In 1508, the determined videoconference device may provide videoconference information for recording the videoconference to the recording server. The videoconference information received in 1610 may be similar to the videoconference information received for recording described above, e.g., in 606 above. For example, the videoconference information may be “streaming friendly” and require little or no modification for provision to clients (at least for a first recording format), or not, as desired.

By determining and using a connection with high quality, the quality of the recording may be improved. For example, recording a videoconference when using a connection with less quality, the quality of recording may be affected by bandwidth fluctuations and packet loss. It should be noted that the recording server may generally have the ability to re-request portions of a videoconference that have been affected by connection issues, and so a minimum level of quality may be maintained via this mechanism. Further, various forward error correction procedures may be used to reduce packet loss. However, it is still generally preferred that a high quality connection be used to avoid the complication of such procedures.

Note that the determination of the high quality connection may be determined a plurality of times (e.g., periodically) during the videoconference. For example, the method may determine if the current videoconference device still has a high quality connection and/or if another videoconference device has a better connection. If the connection quality has sufficiently deteriorated or if another connection is sufficiently better, the provision of the videoconference information in 1508 may be changed to another videoconference device. Alternatively, or additionally, this update of the determination may be performed whenever the quality of connection of the videoconference device drops to an unacceptable level, e.g., when the connection drops, packet loss exceeds a threshold, bandwidth is lower than a specified threshold, etc.

Exemplary Embodiment According to the Method of FIG. 15

The following describes an exemplary embodiment according to the method of FIG. 15.

A videoconference may be established between a plurality of videoconferencing endpoints. At some point prior to or during the videoconference, a request to record the videoconference may be received. For example, a user may press a record button, or some other action may trigger recording (e.g., the recording may begin automatically). In one embodiment, the endpoint that receives the user input or otherwise is involved in initiating the recording process may send a message to other videoconference devices capable of providing videoconference information to the recording server. For example, the message may provide details regarding the requested recording (e.g., an address of the recording server, desired recording configurations or formats, etc.). The message may also specify the quality of connection between the endpoint and the recording server. For example, the quality of connection may be specified as a “recording metric”.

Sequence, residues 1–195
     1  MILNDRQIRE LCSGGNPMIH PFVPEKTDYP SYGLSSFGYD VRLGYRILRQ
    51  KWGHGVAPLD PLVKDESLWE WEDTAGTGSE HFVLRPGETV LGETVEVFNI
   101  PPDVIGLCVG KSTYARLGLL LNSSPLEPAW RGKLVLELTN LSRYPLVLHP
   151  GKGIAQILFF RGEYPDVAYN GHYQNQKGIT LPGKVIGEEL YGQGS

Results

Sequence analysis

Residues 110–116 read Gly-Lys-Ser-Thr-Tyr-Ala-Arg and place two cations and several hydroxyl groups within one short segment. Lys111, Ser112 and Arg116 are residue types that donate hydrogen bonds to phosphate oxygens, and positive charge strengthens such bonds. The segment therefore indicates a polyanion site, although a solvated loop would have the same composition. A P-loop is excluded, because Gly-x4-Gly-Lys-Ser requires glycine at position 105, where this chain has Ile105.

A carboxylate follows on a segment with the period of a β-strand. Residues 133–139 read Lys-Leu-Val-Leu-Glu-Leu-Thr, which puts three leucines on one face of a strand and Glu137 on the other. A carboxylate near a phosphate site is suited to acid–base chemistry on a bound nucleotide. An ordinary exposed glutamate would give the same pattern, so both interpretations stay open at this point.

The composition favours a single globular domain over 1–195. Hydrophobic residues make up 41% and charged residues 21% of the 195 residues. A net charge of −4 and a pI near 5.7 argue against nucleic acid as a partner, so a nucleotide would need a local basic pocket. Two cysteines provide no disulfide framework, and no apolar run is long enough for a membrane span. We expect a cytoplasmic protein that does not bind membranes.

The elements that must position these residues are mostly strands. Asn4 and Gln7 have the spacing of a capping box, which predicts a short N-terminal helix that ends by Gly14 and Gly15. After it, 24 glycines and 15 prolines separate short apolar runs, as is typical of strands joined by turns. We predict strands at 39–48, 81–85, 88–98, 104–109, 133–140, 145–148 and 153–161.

In response, any videoconference device that has a better recording metric (e.g., and has the capacity to perform the recording activity) may provide a response to the initiating videoconference endpoint and perform the provision of videoconference information to the recording server. The new videoconference device may provide the videoconference information according to the specified recording configuration, as specified by the initial message above, or a subsequent message once the new videoconference device has been assigned the task.

The method may be extended to videoconference devices that are not able to perform the provision of the videoconference information to the recording server. For example, a user of such a videoconference device may request recording of the videoconference, and that device may offload the provision of the videoconference information to another device that is capable of performing the task. As a specific example, a computer videoconferencing application may be able to participate in videoconference, but may not be configured to provide the videoconference information for recording. Accordingly, the task may be offloaded to a dedicated videoconference endpoint instead, following the descriptions above.

In addition to the above embodiment, the method may be extended. For example, if an MCU is involved in the videoconference, the MCU may take over the recording.

FIG. 16—Recording a Videoconference According to a Plurality of Formats

FIG. 16 illustrates a method for recording a videoconference according to a plurality of formats. The method shown in FIG. 16 may be used in conjunction with any of the computer systems or devices shown in the above Figures, among other devices. In various embodiments, some of the method elements shown may be performed concurrently, performed in a different order than shown, or omitted. Additional method elements may also be performed as desired. As shown, this method may operate as follows.

In 1602, a videoconference may be initiated or performed among a plurality of videoconference endpoints, as described in 602 above.